LIBERAL, Kan. – Seward County Community College has resumed its spring semester classes through an online format, beginning Monday, March 23.
When the coronavirus (COVID-19) pandemic hit and state and local government announced restrictions on gatherings and activities, SCCC decided a virtual environment offered the best way to proceed.
“Our decision was guided by Seward’s commitment to the health and safety of our community, and the growing need to take preventive measures to assist in this unprecedented public health crisis,” said SCCC President Ken Trzaska. “We understand these changes are disruptive so please be assured that our team stands ready to support students however we can.”
With the decision to continue the spring semester, instructors have been hard at work to modify course work into a virtual format – whether it is video conferencing, chat, podcast or some other electronic delivery.
There have also been discussions of how to proceed with labs and classes that require in-person interaction. Those situations will be handled on a course-by-course situation.
According to Luke Dowell, dean of instruction at SCCC, faculty have concentrated on email contact with students to let them know what is going on with their classes and how to proceed. Students can also log in to Canvas – SCCC’s academic portal – to get course information.
Dowell preached patience as most students and instructors are venturing into fairly uncharted waters. While SCCC already offers some online courses and others that are hybrids, most are not.
“Everyone needs to understand that we are all diving into something brand-new and different,” Dowell said. “Instructors who are not used to providing lessons online are going to try to do that and it’s not going to be perfect. Students who are not used to learning online need to be able to think differently about how they approach their classes.
“We are going to do everything we can to support the students and instructors through this,” he continued. “We’re all kind of out of our comfort zone and it’s going to take patience. It’s going to take a lot over these next couple of months to make this work but we’re going to do what we can to make it work. It’s not going to be perfect.”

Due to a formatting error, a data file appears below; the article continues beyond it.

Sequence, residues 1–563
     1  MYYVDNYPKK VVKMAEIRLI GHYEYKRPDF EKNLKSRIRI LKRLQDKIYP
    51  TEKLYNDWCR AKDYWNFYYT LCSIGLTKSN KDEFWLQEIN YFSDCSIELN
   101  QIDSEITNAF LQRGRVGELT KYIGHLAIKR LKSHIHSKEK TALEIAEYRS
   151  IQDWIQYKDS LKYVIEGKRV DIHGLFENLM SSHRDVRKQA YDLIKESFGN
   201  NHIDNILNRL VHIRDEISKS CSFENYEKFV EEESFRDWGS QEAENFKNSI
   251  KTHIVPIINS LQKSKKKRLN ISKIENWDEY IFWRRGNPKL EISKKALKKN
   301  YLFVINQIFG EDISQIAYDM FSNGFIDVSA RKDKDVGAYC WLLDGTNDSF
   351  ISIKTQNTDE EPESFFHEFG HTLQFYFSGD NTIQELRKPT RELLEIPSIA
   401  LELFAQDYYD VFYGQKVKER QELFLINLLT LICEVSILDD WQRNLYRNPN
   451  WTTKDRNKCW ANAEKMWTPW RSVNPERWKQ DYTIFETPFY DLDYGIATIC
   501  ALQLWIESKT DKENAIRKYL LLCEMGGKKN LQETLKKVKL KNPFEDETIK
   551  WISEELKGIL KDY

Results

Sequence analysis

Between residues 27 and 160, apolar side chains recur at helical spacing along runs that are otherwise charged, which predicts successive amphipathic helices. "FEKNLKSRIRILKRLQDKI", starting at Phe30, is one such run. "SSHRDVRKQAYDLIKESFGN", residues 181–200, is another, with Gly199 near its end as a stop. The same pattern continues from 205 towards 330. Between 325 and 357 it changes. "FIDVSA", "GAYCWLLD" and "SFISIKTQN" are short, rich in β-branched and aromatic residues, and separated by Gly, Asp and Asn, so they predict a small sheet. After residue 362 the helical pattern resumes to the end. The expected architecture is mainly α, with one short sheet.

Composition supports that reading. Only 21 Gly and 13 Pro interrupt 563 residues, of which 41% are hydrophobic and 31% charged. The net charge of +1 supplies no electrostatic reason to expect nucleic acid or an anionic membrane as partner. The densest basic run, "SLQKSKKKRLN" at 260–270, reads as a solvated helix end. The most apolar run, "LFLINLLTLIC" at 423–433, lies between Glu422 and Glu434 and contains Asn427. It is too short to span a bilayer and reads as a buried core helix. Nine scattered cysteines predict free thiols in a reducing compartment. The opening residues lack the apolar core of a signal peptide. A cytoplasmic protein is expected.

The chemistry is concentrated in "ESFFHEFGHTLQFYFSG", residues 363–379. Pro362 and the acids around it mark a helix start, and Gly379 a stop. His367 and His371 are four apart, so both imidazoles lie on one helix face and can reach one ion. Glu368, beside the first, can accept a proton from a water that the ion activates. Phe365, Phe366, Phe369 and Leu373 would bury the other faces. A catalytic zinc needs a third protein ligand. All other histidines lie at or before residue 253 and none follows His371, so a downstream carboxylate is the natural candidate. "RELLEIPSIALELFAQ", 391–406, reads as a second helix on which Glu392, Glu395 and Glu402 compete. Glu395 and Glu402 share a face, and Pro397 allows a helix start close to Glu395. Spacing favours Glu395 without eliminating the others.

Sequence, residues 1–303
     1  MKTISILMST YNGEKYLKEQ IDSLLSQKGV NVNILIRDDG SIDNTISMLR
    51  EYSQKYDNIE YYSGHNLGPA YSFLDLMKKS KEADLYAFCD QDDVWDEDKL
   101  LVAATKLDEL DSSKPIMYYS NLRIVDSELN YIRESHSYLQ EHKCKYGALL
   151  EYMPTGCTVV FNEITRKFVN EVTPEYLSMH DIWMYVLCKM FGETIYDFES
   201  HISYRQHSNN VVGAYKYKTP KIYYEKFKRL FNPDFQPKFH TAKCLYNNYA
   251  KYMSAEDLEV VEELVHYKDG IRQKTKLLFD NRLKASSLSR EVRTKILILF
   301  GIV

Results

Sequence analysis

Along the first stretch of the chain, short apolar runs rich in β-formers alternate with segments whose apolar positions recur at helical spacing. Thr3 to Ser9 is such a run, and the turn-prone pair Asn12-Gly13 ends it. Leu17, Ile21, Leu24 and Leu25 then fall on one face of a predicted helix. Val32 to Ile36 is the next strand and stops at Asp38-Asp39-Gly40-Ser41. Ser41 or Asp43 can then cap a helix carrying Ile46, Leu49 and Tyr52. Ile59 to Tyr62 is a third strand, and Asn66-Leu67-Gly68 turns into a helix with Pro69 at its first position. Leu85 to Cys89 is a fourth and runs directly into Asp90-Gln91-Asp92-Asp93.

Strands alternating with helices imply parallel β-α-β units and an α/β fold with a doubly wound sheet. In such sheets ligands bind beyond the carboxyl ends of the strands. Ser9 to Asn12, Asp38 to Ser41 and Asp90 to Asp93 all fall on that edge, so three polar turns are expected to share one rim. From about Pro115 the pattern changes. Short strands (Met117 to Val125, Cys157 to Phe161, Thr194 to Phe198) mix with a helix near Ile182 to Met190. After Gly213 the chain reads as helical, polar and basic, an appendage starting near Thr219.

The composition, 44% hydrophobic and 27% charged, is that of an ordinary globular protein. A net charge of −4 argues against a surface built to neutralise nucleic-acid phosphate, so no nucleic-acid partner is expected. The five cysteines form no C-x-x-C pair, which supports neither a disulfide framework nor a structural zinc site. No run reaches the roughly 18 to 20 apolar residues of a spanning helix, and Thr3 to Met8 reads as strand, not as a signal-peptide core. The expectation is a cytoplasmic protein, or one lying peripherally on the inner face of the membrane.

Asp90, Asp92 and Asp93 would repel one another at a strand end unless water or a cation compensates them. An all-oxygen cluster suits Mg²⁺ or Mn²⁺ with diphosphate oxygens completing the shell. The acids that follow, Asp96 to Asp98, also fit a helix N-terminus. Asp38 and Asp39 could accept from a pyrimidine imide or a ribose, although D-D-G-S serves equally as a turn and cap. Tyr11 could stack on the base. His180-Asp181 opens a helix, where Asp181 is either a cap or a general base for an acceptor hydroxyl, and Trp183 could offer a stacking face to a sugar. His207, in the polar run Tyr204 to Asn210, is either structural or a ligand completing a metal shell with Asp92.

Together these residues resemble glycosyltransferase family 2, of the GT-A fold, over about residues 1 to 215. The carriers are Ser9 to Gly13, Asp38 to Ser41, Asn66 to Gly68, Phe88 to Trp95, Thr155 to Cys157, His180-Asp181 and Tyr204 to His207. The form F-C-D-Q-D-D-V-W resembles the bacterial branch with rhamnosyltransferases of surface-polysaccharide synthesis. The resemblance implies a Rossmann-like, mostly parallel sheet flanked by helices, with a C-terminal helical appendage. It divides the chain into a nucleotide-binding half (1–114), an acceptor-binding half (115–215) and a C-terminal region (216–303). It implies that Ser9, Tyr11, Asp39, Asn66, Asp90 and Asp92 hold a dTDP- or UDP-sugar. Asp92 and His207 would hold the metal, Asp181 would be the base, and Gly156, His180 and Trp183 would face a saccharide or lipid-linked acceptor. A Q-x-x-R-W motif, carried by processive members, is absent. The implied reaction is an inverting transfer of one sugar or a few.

Dowell also stressed and recognized the needs of certain students who may not be comfortable with an online format. He encouraged those students to keep an open mind.
“Give it a chance,” he said. “Do what you can to see what you can make work out of this situation. And if it’s not working contact your instructor and work with them. We will figure it out on a case-by-case basis if there are other options. We’ve talked about a lot of situations and a lot of options. There’s not going to be a blanket solution. What we can promise the student is that we will listen to concerns and do the best we can to address them.”
Another point of emphasis was that students received their information from SCCC instructors when it comes to course work.
“Make sure (the information) comes directly from the instructor,” Dowell said.
According to Dowell, there will be plenty of bumps in the road, but the journey will prove to be beneficial.
“For students we are asking for patience and understanding, but also asking them to make a commitment (to trying to get through the semester),” he said. “Figuring this out is going to pay off for them moving forward. Once we get through this and succeed through this, we’re going to be better for it. We’re all going to learn something that we need didn’t realize that we could do before. It is going to be positive in the long run, but it is going to be a challenge.”